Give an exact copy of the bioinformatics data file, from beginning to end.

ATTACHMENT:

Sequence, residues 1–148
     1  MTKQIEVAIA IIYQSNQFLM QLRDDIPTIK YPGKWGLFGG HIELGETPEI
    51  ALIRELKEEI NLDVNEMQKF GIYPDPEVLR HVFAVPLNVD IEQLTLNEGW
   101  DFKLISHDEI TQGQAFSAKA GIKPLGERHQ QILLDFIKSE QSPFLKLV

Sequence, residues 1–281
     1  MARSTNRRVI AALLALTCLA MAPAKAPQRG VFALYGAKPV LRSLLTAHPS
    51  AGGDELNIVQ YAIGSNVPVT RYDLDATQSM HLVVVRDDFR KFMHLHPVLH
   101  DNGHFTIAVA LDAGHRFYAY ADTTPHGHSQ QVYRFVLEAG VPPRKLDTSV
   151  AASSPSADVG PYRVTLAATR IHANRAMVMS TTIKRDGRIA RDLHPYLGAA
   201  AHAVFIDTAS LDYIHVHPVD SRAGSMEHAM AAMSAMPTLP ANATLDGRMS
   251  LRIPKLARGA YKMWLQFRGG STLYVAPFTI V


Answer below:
Sequence, residues 1–148
     1  MTKQIEVAIA IIYQSNQFLM QLRDDIPTIK YPGKWGLFGG HIELGETPEI
    51  ALIRELKEEI NLDVNEMQKF GIYPDPEVLR HVFAVPLNVD IEQLTLNEGW
   101  DFKLISHDEI TQGQAFSAKA GIKPLGERHQ QILLDFIKSE QSPFLKLV

Sequence, residues 1–281
     1  MARSTNRRVI AALLALTCLA MAPAKAPQRG VFALYGAKPV LRSLLTAHPS
    51  AGGDELNIVQ YAIGSNVPVT RYDLDATQSM HLVVVRDDFR KFMHLHPVLH
   101  DNGHFTIAVA LDAGHRFYAY ADTTPHGHSQ QVYRFVLEAG VPPRKLDTSV
   151  AASSPSADVG PYRVTLAATR IHANRAMVMS TTIKRDGRIA RDLHPYLGAA
   201  AHAVFIDTAS LDYIHVHPVD SRAGSMEHAM AAMSAMPTLP ANATLDGRMS
   251  LRIPKLARGA YKMWLQFRGG STLYVAPFTI V